Bowdoin IT expands Zoom licenses to students, increases security
April 10, 2020
Due to the Bowdoin community’s increased use of the video conference platform, Zoom, for virtual classes and meetings, Information Technology (IT) acquired Zoom licenses for all students, faculty and staff. These licenses were obtained, in part, because of the “Zoombombing” that occurred April 1 and 2, during which unknown individuals disrupted a virtual class and a meeting.
Senior Vice President and Chief Information Officer for IT Michael Cato said in an email to the Orient that prior to the move to virtual learning, the College had 150 Zoom licenses for faculty and staff. When the College transitioned to remote learning, IT increased the number of licenses to 350, which were mostly for faculty and staff use.
This past week, however, Bowdoin Student Government (BSG) agreed to contribute to cover the cost of licenses for all students.
“BSG input was helpful in providing additional examples of how students were looking to use Zoom in their learning with faculty, but also in sustaining community and staying connected,” wrote Cato.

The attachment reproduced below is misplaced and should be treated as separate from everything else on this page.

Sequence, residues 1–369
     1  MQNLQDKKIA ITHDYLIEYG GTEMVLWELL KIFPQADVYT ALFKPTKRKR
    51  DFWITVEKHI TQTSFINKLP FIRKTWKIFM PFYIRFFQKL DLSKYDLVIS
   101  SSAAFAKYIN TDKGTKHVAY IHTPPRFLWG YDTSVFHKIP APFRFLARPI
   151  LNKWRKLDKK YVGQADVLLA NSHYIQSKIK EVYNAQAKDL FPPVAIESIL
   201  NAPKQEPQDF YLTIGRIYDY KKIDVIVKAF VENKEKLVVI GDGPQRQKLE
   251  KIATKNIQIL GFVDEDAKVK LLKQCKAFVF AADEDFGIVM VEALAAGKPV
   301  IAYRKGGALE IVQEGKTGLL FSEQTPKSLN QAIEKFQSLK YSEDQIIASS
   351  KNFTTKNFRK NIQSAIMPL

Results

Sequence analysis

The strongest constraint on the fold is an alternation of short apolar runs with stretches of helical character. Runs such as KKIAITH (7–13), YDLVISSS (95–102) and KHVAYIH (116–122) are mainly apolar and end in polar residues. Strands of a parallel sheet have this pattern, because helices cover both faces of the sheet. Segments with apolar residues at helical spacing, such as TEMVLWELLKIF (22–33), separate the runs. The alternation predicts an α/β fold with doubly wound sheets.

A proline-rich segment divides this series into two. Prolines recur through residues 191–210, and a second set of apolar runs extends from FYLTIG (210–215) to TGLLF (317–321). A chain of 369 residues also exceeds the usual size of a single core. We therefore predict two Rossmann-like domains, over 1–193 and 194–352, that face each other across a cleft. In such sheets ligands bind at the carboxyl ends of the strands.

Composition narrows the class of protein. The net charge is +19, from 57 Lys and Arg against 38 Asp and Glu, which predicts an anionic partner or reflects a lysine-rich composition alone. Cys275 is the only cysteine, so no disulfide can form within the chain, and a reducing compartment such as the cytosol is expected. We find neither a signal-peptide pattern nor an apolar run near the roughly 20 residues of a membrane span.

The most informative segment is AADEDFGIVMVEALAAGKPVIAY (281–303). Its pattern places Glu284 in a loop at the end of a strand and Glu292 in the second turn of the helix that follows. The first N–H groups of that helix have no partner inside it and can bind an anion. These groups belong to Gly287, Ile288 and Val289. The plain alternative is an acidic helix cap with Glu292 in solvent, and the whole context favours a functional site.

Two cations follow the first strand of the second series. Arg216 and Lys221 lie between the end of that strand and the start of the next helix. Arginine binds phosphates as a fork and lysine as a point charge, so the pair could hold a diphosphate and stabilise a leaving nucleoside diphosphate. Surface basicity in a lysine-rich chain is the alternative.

“There was a clear preference from student groups for Zoom over [Microsoft] Teams, since you can see more people,” said BSG President Ural Mishra ‘20 in a phone interview with the Orient. “That face-to-face interaction is important, [so] BSG decided to see what we could do.”
Now, participants are required to use their bowdoin.edu login to gain access to Zoom virtual meetings. Additionally, the Zoom “waiting room” function is now available for meeting administrators.
“[Waiting Room] can be a great way to control who comes into a session and prevents someone from joining a meeting just because they have the link to it,” Cato wrote.
These two security measures are intended to thwart all future attempts at Zoombombing. Last week’s Zoombombing incidents involved two unidentified individuals who are thought to not be part of the Bowdoin community. One Zoombomber subjected the meeting participants to a “barrage of sexist and racist language and imagery,” wrote Cato.
In an email sent to the student body on Monday, Cato wrote, “It is our hope these two [security measures] will address this issue while reducing the burden while learning and teaching through Zoom.”
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